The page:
The stability of the new biosurfactant was evaluated under different physical conditions (Figure 3). Heating (100°C for 60 min) did not influence the biosurfactant activity. A high NaCl concentration caused a reduction of 12.7% in the E24 value of the biosurfactant produced by Penicillium 8CC2 and completely inhibited the emulsion formation by the commercial surfactant Tween 80.

Figure 3: Stability of biosurfactants from Penicillium 8CC2 under different physical conditions: (a) after heating 100°C (60 min) and (b) with the addition of NaCl (30% w/v). The synthetic surfactant Tween 80 (1% w/v) was used as a control substance in these assays.

4. Discussion

We found Penicillium 8CC2 (strain isolated from Amazonian soil) produced biosurfactant with high emulsification index (EI24 > 50). In addition, we found that the biosurfactant from Penicillium 8CC2 has similar thermal-stability and higher NaCl-stability if compared to the surfactant Tween 80. The present work was the first to screen the potential of fungus obtained from soil samples of the Amazon forest to produce biosurfactant and the selected microorganisms and their biosurfactant have industrial potential.

Among the fungi obtained from soil, the genera that showed a strong ability to emulsify toluene were Penicillium, Trichoderma, and Fusarium. The potential of Penicillium sp. to produce biosurfactants has already been demonstrated [20, 21], but few studies have described the biosurfactant potentials of Trichoderma [22] and Fusarium.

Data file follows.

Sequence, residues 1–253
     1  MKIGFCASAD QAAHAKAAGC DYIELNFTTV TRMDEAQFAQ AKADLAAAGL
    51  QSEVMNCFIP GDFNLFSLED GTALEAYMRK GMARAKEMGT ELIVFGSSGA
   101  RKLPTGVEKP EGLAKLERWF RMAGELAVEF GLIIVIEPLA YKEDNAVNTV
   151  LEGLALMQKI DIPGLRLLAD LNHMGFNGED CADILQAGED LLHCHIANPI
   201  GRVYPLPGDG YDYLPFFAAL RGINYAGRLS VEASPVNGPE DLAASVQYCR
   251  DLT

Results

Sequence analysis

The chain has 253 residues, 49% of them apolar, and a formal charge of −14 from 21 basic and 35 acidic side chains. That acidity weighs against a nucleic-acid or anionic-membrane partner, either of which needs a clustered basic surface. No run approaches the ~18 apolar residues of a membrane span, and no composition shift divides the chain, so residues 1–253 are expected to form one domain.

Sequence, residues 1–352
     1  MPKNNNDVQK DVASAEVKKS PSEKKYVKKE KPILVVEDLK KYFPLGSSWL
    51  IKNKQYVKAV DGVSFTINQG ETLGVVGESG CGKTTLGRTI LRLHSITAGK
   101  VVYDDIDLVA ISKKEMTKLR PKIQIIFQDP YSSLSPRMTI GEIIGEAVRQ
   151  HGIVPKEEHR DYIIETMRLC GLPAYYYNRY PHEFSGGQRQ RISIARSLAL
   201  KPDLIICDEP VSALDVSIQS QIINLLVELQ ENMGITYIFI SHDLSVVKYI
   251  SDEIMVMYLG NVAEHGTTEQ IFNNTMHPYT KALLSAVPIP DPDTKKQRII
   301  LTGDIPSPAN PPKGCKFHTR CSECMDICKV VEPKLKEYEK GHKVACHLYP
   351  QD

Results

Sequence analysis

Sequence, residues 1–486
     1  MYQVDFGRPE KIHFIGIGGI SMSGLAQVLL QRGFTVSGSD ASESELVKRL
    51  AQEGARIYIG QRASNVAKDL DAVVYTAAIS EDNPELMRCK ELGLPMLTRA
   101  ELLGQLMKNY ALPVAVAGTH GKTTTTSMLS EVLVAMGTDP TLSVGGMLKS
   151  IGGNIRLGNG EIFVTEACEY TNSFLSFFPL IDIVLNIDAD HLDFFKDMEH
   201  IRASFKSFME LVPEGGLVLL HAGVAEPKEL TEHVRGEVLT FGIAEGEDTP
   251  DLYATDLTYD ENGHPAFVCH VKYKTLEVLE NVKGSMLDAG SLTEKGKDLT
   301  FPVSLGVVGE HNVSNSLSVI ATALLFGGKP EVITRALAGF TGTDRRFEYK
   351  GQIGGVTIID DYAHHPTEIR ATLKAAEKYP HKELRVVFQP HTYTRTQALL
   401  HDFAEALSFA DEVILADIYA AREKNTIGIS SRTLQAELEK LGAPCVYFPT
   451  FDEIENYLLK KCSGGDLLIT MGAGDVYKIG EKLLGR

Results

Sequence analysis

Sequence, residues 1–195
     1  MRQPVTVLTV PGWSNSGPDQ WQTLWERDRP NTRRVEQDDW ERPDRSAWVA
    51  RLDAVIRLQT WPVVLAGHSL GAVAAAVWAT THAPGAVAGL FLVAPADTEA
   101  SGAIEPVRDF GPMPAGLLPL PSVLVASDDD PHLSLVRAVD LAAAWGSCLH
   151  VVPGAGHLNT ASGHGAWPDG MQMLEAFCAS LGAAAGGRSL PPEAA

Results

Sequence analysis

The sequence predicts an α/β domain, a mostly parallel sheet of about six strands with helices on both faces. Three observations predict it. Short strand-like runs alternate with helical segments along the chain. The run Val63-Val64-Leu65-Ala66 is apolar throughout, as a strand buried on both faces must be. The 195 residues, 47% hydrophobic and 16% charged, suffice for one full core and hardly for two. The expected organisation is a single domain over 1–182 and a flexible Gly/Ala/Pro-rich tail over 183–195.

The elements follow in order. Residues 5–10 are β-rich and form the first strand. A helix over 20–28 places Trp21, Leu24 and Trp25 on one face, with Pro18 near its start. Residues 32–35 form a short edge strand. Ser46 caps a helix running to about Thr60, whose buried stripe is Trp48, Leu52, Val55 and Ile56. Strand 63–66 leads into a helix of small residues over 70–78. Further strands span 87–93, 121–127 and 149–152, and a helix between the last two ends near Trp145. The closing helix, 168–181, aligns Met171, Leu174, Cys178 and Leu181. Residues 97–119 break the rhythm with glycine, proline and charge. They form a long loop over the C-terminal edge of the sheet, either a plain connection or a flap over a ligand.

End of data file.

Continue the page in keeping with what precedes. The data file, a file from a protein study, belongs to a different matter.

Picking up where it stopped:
Carbon sources for microbial production of biosurfactant can be obtained from carbohydrates, vegetable oils, hydrocarbons, and waste frying oils [23, 24]. In this study, soybean oil was the best carbon source for biosurfactant production. Soybean oil was also described as a suitable carbon source for fungal production of biosurfactant by Accorsini et al. [16]; these last ones investigated more affordable culture medium to produce biosurfactant by yeasts. We believe that triglycerides composition is a natural inducer of the biosurfactant production, since the microorganisms produce biosurfactant to increase the access to lipid degradation and it is clear that the triglycerides can be directly used to anabolize the production of the surfactant. Starch, despite being used by other microorganisms as a carbon source [25], does not appear to be a suitable substrate for biosurfactant production by Penicillium 8CC2.